Received via press release:
(Atlanta, GA) – Florida senator and 2016 presidential candidate Marco Rubio will speak at the 2015 Georgia Republican Party Convention in Athens.
Former Speaker of the Florida House of Representatives, Rubio was elected to the United States Senate in 2010. He serves on the Committee on Commerce, Science and Transportation, Committee on Foreign Relations, Select Committee on Intelligence, and the Committee on Small Business and Entrepreneurship.
Rubio announced his candidacy for president on April 13, 2015 at the Freedom Tower in Miami, Florida.
Senator Rubio is scheduled to speak on Friday, May 15, at approximately 3PM in the Athena Ballroom.
You can obtain a ticket to the GOP convention here. Purchasing a “guest” ticket will allow you access to the venue to hear speeches from folks like Rubio. Other 2016 GOP contenders are scheduled to appear as well.
Rubio surged to the top of the early GOP Presidential heap in a Fox News poll released last week:
Announcing your candidacy helps your poll numbers. Florida Sen. Marco Rubio receives a five percentage-point bump after his April 13 announcement and has the backing of 13 percent in the race for the Republican nomination — just a touch over Wisconsin Gov. Scott Walker who gets 12 percent among self-identified GOP primary voters. Kentucky Sen. Rand Paul comes in at 10 percent, former Florida Gov. Jeb Bush and former Arkansas Gov. Mike Huckabee earn 9 percent each and Texas Sen. Ted Cruz gets 8 percent.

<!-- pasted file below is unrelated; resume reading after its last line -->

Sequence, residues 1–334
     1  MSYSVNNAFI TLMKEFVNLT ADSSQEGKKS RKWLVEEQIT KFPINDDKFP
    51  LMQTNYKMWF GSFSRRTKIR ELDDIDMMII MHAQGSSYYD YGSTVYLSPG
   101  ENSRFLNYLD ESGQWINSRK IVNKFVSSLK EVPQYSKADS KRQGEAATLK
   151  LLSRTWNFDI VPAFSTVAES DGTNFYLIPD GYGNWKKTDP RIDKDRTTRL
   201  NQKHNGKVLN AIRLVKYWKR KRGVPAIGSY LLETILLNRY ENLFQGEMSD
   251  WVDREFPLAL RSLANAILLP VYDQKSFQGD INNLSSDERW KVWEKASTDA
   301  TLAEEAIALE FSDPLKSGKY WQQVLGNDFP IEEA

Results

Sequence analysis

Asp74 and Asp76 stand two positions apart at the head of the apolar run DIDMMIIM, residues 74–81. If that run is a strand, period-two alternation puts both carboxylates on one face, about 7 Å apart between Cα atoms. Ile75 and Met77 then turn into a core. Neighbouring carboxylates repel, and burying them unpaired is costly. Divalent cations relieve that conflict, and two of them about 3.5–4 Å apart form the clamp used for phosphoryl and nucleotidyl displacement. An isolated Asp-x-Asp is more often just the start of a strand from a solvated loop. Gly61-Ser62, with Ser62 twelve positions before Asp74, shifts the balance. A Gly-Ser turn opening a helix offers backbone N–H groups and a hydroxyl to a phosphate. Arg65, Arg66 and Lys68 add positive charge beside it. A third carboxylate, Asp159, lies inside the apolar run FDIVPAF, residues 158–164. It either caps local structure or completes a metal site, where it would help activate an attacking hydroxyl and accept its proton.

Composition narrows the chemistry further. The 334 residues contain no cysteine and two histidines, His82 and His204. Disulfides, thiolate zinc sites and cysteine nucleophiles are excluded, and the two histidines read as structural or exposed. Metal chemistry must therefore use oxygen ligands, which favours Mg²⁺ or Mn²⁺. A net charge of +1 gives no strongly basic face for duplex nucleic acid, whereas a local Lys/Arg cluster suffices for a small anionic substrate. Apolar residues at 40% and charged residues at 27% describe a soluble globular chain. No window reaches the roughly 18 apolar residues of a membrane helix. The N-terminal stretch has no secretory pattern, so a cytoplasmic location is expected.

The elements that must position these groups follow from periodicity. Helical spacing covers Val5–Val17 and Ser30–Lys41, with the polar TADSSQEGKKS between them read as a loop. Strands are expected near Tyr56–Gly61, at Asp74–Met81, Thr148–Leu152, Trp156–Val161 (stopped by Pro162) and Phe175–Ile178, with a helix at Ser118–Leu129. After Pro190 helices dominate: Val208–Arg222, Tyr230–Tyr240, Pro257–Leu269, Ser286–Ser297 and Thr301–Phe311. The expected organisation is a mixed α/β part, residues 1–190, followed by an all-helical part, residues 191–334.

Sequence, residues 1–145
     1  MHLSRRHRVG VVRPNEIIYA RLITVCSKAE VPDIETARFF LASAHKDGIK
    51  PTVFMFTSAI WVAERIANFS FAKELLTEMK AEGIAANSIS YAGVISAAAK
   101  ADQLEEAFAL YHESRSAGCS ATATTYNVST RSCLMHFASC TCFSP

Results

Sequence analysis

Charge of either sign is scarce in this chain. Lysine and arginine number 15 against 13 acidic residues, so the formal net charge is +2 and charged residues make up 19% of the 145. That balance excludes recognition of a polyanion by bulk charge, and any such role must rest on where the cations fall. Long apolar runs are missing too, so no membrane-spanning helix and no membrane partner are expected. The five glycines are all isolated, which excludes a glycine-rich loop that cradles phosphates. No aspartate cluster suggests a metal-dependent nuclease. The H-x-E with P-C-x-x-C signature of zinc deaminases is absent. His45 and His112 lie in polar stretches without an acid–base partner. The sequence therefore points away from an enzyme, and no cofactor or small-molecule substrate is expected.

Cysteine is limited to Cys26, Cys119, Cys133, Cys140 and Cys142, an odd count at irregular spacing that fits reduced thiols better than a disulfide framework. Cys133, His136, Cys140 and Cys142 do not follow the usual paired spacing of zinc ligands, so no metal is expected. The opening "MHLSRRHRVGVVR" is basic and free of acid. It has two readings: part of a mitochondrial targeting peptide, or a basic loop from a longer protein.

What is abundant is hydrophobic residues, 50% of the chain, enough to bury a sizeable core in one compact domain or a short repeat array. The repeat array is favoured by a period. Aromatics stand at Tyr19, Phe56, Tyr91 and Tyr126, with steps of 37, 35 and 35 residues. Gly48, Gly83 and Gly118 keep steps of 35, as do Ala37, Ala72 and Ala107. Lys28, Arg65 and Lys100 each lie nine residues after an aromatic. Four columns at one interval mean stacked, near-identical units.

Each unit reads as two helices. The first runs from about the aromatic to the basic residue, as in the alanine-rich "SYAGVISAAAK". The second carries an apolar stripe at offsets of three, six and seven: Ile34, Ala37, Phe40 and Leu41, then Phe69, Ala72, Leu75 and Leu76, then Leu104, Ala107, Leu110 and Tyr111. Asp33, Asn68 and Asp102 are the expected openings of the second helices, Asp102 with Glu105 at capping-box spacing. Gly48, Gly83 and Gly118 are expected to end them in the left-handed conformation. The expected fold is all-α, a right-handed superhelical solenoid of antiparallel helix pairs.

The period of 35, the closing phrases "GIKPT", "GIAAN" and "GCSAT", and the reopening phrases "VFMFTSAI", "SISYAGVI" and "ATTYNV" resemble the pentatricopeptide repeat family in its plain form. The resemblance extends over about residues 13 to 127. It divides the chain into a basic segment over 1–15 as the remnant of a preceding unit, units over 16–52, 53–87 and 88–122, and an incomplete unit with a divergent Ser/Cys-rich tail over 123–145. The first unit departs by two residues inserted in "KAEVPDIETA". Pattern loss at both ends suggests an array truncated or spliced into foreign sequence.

And some observers think Rubio might actually win:
Marco Rubio stands alone as the candidate best prepared to articulate a conservative message in a way that will inspire and actually teach people who aren’t already conservative that conservatism is the best philosophy to help them achieve the American Dream—that there is, as Arthur Brooks has famously argued, a moral case for capitalism.
As a cosmopolitan conservative, Rubio also has the potential to appeal to people—urbanites, Millennials, etc.—who might not even know they have deep-seated conservative instincts. These people reflexively reject conservatism because they don’t think of it as a philosophy, but rather as a manifestation of cultural signaling. They can’t imagine belonging to a Southern party that looks and sounds like, say, George W. Bush.
I said on Facebook recently that my first choice right now is Louisiana Governor Bobby Jindal, but I’m impressed with Rubio. In fact, a Jindal/Rubio ticket would be pretty strong and would get me fired up. What do y’all think?